Case against Flores in death of Samuel Reeves Jr. goes to the jury

March 14, 2012
Santa Paula News

The trial that featured secretly recorded comments of the defendant, admitting to the shooting of a Santa Paula teenager during a melee at a party and the gang culture that prosecutors allege led to the murder, is now in the hands of the jury.

Jurors must now decide whether the fatal shooting of 15-year-old Samuel Travis Reeves Jr. was committed by Joe “Joey” Fidel Flores, 31, a Santa Paula gang member who murdered Reeves because he believed he was being “disrespected,” or whether it was self-defense. The jury received the case late Wednesday after closing arguments by the prosecutor and Flores’ defense attorney.

Witnesses testified during the approximately week long trail that a fight broke out at the October 11, 2003 pay-to-go birthday party when Reeves’ brother and his brother’s friend were involved in a chest-bumping incident with another man. The well advertised party - testimony noted that fliers were handed out at area community colleges - drew hundreds of area teenagers and youth to the ranch just north of Highway 126 and east of Santa Paula where guests, mostly 16 to 20 years old, were ferried in and alcohol was served.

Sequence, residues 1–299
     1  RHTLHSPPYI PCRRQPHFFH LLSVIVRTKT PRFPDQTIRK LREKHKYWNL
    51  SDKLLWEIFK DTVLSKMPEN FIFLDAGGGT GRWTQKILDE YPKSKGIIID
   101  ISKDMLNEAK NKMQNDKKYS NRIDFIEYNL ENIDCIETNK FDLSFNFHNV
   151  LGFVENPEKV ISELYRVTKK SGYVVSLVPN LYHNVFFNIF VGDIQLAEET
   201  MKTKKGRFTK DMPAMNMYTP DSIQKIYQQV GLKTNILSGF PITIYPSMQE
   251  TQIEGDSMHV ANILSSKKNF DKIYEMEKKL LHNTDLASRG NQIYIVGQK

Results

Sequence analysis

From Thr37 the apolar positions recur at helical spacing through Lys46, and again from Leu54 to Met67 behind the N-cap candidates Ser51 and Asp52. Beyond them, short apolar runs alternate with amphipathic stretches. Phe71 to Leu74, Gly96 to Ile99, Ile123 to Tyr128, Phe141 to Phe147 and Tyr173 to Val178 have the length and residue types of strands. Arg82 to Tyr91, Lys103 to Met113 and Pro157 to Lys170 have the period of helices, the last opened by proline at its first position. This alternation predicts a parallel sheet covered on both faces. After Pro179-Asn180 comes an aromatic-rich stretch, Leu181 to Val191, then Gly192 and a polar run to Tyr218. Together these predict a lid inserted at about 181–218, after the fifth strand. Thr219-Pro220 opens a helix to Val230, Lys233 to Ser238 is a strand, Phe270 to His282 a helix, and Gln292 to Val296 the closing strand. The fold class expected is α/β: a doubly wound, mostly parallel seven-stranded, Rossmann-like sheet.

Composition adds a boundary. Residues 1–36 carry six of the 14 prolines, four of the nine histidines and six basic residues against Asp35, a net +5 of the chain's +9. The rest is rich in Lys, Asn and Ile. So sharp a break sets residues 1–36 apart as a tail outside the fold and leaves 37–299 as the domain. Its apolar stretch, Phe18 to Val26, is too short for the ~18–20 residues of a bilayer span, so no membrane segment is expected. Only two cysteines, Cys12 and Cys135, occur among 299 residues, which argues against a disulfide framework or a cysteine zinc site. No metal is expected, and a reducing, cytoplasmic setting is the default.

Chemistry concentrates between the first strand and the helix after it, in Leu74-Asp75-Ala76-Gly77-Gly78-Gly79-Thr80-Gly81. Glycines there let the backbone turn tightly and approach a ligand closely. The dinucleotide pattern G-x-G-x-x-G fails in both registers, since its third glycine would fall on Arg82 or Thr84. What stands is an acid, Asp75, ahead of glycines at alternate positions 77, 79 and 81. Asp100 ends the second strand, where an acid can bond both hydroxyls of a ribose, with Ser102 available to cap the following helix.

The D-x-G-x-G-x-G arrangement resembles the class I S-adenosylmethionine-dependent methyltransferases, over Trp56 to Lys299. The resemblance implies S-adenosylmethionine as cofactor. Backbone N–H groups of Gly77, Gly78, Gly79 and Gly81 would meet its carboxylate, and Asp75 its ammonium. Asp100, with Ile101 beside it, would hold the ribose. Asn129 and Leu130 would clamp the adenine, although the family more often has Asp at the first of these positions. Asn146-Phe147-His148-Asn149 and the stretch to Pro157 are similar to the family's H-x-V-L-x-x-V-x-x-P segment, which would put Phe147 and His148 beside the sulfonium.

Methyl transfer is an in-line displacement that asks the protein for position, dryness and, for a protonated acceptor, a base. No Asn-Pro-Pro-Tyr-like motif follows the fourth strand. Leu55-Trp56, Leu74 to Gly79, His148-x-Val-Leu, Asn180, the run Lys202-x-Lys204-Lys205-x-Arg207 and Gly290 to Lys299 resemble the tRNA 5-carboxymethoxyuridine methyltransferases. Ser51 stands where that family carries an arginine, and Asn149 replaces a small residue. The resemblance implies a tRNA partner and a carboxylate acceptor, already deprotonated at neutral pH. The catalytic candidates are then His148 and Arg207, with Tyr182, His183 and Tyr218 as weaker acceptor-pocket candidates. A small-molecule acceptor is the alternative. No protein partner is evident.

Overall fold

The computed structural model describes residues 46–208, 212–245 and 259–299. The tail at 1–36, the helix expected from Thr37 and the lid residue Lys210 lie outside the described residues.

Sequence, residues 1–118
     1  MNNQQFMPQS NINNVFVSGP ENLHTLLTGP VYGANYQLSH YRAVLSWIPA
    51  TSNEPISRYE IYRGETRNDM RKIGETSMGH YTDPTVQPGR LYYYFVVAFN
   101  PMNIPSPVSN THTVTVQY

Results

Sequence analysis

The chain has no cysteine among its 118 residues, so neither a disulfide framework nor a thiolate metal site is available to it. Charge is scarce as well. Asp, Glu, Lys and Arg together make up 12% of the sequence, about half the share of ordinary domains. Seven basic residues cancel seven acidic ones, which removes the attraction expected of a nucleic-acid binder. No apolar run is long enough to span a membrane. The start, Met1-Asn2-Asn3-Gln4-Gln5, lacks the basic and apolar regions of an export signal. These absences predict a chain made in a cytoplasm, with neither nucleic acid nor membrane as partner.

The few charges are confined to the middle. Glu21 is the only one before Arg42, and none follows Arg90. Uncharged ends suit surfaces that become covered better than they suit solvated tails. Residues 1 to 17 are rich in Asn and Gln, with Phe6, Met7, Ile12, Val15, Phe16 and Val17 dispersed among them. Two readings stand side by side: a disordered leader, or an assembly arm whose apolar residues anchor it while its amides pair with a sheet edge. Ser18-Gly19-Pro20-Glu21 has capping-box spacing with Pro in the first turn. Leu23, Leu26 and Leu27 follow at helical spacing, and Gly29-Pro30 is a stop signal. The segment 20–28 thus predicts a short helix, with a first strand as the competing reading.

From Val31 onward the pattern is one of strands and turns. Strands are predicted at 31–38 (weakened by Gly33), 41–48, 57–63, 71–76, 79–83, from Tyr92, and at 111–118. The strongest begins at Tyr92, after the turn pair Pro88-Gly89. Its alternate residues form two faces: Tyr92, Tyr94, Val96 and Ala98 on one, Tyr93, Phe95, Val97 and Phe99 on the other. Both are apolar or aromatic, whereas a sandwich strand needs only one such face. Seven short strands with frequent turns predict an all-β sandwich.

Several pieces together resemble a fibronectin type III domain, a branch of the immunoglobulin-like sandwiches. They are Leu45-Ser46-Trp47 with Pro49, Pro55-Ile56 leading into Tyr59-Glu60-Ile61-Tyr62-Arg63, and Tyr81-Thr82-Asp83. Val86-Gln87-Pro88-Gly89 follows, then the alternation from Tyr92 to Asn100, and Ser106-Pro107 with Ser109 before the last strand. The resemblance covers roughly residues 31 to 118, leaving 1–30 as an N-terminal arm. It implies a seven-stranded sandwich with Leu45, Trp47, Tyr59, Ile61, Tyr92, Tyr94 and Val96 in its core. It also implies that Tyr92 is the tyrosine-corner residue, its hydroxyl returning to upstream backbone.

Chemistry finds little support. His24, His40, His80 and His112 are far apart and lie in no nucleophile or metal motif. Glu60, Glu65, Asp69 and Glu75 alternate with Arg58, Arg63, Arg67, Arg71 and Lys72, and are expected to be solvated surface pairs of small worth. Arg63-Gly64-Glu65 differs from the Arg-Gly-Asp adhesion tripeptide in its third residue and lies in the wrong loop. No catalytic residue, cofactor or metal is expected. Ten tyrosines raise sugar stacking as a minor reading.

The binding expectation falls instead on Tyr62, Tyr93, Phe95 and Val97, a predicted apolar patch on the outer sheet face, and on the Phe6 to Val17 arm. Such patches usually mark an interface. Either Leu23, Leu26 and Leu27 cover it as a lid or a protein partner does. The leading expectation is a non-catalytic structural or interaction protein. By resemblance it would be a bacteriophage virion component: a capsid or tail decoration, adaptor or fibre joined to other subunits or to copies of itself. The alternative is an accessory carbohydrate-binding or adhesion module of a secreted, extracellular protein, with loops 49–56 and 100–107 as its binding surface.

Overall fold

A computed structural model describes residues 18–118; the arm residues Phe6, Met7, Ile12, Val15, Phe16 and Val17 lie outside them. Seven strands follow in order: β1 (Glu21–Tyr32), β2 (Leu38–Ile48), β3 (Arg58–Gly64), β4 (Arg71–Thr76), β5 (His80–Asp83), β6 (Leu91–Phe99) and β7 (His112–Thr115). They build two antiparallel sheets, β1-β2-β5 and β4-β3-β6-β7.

Flores, who was arrested in July 2009 while serving time in Ventura County on unrelated charges, did not testify in his defense. He is charged with first-degree murder. 

Flores had claimed he fired on Reeves after being choked from behind. The prosecution alleges Flores was on his feet when he shot Reeves for the benefit of his street gang after being “disrespected”. The prosecutor told the jury there is no evidence supporting the self-defense theory, and that Flores had brought the gun to the party and was willing to use it.

Mauricio Reyes, now in the witness protection program, secretly wore a wire when talking to Flores as well as Nathan Maloney, another area gang member who had initially been tried in Reeves’ death. Acquitted, Maloney did plead guilty to assaulting another man at the same party and recently was released from prison.

Maloney told Reyes on the tape that Flores had been under a pile of combatants when he fired the gun in self-defense and should plead guilty to same. But when called to the witness stand, Maloney testified he knew nothing about the circumstances of the shooting.

Reyes also wore a body wire to secretly record a conversation with Flores, who said he fired because he was being beaten up and choked and thought his life was in danger.

On Friday, the jury asked to have the testimony of four witnesses read back to them including Reyes, Maloney, David Reeves, and Thomas Mendez. The jury was still deliberating as of Monday morning. 

The murder of Sam shook the community and its tight-knit population of teenagers, who held a massive candlelight vigil after his death. A talented musician, Sam played with a band named Fallen Angels. A bench placed by Sam’s family near his Santa Paula Cemetery burial plot is often occupied by the teen’s wide circle of friends.

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